And finally, Best. Interview. Ever.

Tuesday, May 18, 2004

One Fish Two Fish Red Fish Gold Fish 

Another in the "all over the 'sphere" files: Tom Perrotta's LITTLE CHILDREN (a book that's languished on Mt. TBR for a while) was released way back at the end of March, got a boatload of great reviews, cracked the New York Times list, and has gone back to press six times. Slight snafu: the goldfish on the original cover are actually Goldfish (TM), as manufactured by Pepperidge Farm, the company responsible for Nantucket, Sausalito, and all those other too-hard cookies that really kind of suck, if you ask me. Anyway, they got pissed and demanded the cover be changed. And so, even though the new version is still unavailable online, it will have--instead of those lonely little fish--a couple of homemade chocolate chip cookies:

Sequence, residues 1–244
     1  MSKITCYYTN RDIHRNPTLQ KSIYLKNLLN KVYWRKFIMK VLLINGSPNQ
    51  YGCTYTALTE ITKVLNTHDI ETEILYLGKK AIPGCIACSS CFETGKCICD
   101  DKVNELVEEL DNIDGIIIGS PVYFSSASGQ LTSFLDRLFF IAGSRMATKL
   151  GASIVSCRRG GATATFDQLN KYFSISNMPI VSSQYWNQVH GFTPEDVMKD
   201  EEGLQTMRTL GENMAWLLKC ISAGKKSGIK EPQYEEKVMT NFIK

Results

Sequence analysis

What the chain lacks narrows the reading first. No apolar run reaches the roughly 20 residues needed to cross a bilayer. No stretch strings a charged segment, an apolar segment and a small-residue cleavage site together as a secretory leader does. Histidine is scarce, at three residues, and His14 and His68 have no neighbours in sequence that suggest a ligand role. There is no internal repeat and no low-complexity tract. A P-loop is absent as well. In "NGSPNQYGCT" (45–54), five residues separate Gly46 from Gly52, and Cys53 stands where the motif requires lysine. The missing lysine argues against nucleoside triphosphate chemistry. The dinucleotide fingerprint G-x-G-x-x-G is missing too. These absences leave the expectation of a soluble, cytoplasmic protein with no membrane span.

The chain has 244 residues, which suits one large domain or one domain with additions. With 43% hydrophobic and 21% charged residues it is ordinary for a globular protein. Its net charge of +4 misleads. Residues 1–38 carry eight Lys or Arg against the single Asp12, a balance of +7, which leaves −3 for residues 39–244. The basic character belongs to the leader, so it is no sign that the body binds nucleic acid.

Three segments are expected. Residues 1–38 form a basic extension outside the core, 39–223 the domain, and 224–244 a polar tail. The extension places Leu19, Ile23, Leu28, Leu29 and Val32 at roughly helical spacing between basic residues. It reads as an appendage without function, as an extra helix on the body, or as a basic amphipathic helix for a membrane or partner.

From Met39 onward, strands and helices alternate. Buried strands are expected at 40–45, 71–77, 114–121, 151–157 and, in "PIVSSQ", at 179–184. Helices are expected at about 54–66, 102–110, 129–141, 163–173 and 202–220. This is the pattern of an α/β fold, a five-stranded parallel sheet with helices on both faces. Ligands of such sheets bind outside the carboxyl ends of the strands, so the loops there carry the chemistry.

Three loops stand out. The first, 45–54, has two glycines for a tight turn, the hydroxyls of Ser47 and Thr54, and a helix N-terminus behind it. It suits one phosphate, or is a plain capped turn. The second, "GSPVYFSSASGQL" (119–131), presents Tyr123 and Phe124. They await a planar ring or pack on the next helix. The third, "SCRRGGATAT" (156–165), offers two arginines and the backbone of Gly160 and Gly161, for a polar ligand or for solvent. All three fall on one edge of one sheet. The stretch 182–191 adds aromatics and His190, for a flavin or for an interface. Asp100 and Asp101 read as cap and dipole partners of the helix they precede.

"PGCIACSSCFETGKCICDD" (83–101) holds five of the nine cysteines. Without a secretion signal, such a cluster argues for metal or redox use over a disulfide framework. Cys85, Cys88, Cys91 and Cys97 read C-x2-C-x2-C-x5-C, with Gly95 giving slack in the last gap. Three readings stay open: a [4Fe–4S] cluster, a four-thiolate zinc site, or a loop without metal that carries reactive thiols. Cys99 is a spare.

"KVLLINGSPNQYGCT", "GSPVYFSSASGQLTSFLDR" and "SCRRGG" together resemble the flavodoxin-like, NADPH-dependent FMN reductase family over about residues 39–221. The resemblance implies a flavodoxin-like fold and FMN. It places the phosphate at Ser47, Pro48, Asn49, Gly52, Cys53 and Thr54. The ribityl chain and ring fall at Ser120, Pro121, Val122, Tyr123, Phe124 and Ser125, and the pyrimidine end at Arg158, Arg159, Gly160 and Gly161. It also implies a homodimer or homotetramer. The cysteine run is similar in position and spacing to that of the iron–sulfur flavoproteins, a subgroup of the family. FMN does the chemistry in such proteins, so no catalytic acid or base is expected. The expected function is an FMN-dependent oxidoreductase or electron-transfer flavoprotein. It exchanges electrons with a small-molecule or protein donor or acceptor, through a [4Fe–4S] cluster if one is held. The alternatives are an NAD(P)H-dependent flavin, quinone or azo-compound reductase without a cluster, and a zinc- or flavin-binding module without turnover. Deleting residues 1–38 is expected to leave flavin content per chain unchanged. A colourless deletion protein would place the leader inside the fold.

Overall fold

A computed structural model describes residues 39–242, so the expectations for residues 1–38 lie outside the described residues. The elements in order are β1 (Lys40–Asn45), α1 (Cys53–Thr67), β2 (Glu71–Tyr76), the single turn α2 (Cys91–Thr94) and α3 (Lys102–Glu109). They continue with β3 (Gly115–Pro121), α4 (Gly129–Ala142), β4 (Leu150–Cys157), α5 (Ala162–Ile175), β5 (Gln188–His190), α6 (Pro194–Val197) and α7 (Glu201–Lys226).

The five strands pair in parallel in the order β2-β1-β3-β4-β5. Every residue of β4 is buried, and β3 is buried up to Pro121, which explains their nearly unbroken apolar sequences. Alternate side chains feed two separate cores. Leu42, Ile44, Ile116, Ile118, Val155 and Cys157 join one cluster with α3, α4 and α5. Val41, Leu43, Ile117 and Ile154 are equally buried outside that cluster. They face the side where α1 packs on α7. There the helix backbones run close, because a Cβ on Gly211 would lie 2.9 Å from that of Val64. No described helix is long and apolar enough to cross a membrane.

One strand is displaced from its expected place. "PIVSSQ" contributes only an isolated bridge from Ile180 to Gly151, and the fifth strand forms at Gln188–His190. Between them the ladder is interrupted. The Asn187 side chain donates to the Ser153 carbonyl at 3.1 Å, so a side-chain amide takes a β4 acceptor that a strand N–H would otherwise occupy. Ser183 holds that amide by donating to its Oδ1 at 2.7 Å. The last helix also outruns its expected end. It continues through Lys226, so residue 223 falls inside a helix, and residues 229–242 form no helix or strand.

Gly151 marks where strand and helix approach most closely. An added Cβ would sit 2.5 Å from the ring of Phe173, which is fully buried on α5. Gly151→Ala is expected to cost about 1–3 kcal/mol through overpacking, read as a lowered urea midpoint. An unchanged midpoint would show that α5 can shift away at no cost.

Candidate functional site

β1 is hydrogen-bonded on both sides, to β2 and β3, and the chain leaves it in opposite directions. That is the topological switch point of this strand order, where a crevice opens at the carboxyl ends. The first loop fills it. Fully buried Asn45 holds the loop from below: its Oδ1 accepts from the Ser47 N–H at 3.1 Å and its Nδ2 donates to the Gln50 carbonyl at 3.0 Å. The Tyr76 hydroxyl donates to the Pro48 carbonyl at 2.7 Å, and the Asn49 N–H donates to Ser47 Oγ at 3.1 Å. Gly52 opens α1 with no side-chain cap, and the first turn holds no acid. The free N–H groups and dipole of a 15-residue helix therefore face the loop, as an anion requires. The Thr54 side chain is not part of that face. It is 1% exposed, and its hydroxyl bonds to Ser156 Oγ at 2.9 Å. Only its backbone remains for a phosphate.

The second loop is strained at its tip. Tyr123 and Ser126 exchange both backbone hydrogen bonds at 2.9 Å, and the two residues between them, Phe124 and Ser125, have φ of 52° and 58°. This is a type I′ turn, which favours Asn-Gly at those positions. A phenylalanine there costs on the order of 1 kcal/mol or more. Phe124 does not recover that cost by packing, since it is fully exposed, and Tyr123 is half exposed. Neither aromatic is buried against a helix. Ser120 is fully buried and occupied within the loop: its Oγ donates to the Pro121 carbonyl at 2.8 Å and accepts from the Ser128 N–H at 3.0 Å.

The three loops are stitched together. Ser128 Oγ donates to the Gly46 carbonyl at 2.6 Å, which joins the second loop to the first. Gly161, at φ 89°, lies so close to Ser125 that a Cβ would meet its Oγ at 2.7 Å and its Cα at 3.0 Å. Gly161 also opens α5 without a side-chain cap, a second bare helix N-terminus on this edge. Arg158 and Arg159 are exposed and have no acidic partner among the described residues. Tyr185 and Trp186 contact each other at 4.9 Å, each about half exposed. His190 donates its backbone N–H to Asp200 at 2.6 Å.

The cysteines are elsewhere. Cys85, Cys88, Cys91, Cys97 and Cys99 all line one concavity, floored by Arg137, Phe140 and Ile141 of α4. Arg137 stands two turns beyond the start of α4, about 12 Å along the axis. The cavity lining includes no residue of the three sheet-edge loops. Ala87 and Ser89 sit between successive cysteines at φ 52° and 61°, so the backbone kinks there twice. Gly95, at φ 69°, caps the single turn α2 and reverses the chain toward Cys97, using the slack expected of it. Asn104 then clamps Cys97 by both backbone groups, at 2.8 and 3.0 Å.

And this time [Dori] Weintraub, [associate director of St. Martin's Press] made sure those cookies wouldn't make any trouble. "I baked them myself," she says.

Coming soon: complaints from the person who created the recipe Weintraub used to make the cookies, demanding a new cover because the cookies do not accurately reflect the recipe in question. It's a hard, litigious world out there, you know...

Continuing the Detroit Theme 

Just over the Publisher's Marketplace transom:

Mitchell Bartoy's debut noir novel THE DEVIL'S OWN RAG DOLL, the first in a series set in WWII Detroit featuring a troubled detective who must solve a murder to stave off a race riot, learning the hard way that friends are rarely what they seem, family ties are often deceptive, and the bravest thing a man can do is think for himself, to Ben Sevier at St. Martin's Minotaur in a nice deal, for two books, by Andrea Somberg at Vigliano Associates (NA).